Running-Related Injuries in Female Recreational Runners.
Sports. 2018 May.
A female recreational runner with greater peak braking force is more likely to
get an injury during a 15-week half-marathon training program.
Authors of a recent
that may increase the risk of running-related injuries. However, it is unclear
if these proposed biomechanical risk factors are present before an injury and
if they predict who will get an injury. Thus, the purpose of this study was to determine
if several biomechanical factors are associated with the onset of running-related
injuries among female recreational runners. The authors assessed 74 female
novice recreational runners (history of < 2 half marathons) who then
completed a 15-week half-marathon training program. Researchers collected
kinematic and kinetic data while participants ran on a treadmill at a
self-selected moderate intensity pace. The two primary kinetic variables of
interest were and peak braking force (PBF), which is the
force in the opposite direction of running. The authors used these variables to
separate runners into three levels: Low, Medium, or High. Hours of running
exposure were collected from beginning of training until a participant was
injured, lost to follow-up, or finished the program. Any lower extremity or low
back overuse injury due to training and resulting in 3 missed training days
counted as an injury. Twenty-two participants (34%) sustained a running-related
injury after an average of 17 hours of running. Another 33 runners remained uninjured after an
average training time of 43 hours (10 runners dropped out due to unrelated circumstances).
Overall, PBF was the only kinetic variable that predicted a running-related
injury. Specifically, runners with the highest PBF were 5 times more likely to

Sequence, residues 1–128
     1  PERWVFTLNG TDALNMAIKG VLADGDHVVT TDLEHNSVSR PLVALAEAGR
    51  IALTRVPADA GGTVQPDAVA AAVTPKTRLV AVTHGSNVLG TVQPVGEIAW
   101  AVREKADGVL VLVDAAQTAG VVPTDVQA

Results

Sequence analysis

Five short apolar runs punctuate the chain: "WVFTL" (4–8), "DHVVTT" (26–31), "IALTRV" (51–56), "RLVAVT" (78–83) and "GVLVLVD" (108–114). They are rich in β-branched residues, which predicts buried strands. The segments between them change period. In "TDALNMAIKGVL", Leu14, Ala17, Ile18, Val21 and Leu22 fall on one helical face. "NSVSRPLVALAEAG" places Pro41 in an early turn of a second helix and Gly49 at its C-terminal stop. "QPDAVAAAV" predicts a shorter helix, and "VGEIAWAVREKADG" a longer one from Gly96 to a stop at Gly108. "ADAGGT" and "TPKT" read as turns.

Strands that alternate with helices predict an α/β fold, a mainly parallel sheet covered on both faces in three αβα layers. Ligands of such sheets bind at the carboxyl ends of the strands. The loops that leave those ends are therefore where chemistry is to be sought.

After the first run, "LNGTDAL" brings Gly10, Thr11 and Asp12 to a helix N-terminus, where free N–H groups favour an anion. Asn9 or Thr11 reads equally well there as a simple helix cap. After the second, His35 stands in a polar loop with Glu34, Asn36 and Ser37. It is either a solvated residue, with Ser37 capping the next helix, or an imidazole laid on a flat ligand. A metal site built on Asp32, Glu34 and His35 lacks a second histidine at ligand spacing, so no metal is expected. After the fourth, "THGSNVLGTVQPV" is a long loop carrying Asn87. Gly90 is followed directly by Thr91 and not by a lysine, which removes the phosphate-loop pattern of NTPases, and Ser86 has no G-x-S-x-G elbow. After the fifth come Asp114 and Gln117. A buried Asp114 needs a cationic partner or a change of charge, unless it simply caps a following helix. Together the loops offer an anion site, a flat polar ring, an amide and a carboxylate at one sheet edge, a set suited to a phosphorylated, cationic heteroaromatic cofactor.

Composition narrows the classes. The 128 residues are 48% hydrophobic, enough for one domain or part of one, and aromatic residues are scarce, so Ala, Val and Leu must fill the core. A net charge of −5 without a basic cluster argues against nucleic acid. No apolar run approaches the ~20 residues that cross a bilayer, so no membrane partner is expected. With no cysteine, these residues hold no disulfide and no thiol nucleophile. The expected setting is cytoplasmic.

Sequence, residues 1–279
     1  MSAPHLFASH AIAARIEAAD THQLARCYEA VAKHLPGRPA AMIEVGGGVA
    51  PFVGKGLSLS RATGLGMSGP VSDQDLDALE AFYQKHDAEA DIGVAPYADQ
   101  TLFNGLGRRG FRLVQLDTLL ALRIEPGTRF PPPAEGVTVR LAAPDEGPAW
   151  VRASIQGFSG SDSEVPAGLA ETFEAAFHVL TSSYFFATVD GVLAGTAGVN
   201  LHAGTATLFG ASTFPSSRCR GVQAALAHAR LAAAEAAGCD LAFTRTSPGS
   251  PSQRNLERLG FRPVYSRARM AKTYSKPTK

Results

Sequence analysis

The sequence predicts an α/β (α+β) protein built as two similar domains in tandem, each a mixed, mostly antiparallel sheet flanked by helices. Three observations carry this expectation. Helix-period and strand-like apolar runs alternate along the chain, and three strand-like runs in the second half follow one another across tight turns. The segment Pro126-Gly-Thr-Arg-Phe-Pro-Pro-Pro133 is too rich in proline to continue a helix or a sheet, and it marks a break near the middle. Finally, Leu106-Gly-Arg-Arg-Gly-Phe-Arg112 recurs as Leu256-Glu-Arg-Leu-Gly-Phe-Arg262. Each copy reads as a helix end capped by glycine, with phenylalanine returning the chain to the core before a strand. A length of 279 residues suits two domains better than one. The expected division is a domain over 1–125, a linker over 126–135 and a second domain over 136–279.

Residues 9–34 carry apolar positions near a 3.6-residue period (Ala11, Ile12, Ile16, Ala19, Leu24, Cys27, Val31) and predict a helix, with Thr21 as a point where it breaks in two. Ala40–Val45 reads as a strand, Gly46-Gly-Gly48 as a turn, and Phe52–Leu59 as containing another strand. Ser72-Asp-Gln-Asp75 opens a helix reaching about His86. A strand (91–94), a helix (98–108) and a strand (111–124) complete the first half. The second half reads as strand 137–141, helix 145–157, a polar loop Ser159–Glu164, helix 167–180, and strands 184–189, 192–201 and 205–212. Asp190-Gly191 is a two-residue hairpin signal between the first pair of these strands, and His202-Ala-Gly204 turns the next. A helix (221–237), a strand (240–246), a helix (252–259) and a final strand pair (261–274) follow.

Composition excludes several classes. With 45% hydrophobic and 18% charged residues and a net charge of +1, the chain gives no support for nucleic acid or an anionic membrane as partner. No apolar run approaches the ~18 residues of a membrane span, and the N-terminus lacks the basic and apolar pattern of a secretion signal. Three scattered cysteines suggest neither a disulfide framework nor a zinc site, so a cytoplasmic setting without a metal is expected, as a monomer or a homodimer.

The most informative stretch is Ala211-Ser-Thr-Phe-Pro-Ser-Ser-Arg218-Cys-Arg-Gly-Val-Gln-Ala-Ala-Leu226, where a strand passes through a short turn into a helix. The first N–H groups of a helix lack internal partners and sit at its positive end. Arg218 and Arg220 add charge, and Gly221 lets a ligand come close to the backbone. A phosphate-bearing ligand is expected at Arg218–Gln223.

sustain an injury than those with medium PBF, and 8 times more likely than
those runners with the lowest PBF. showed that gait retraining can address abnormal biomechanics
because the authors assessed biomechanical factors that may predict any
running-related injury. In contrast, previous researchers studying
biomechanical variables concentrated on one injury diagnosis (e.g., tibial
stress fractures or patellofemoral pain). Finding a common risk factor across
injury types is important for clinicians and researchers when performing a
baseline assessment since there is no way to predict which injury, if any, will
develop during training. While biomechanical abnormalities may influence risk
of running-related injuries among novice runners, they are difficult to assess
in most clinical settings. However, these studies are vital for future research
to explore interventions that can target PBF and in turn reduce the risk of running-related
injuries. A noteworthy secondary analysis revealed foot strike pattern (e.g.,
heel strike vs midfoot strike) did not differ between runners who did or did
not develop an injury. Furthermore, they found no relationship between PBF and
foot strike pattern. This may suggest foot strike pattern does not influence running-related
injury risk as much as previously assumed. Interestingly, these results differ
from previous studies that found lower BPF among injured runners compared with
healthy runners. This should prompt clinicians and researchers to be cautious
when assuming that differences between healthy and injured athletes may help us
identify risk factors. We saw this in a that found many of the
long-established factors believed to contribute to running-related injuries
(e.g., arch height, Q-angle) failed to predict new injuries. We need to
remember that interventions aimed to prevent injuries should be based on
prospective findings, whereas our rehabilitative programs should focus on
abnormalities found during an injury assessment.
If you perform a biomechanical assessment on runners, what are you looking for?
Do you incorporate gait retaining into your rehabilitation programs for injured
runners with a biomechanical abnormality?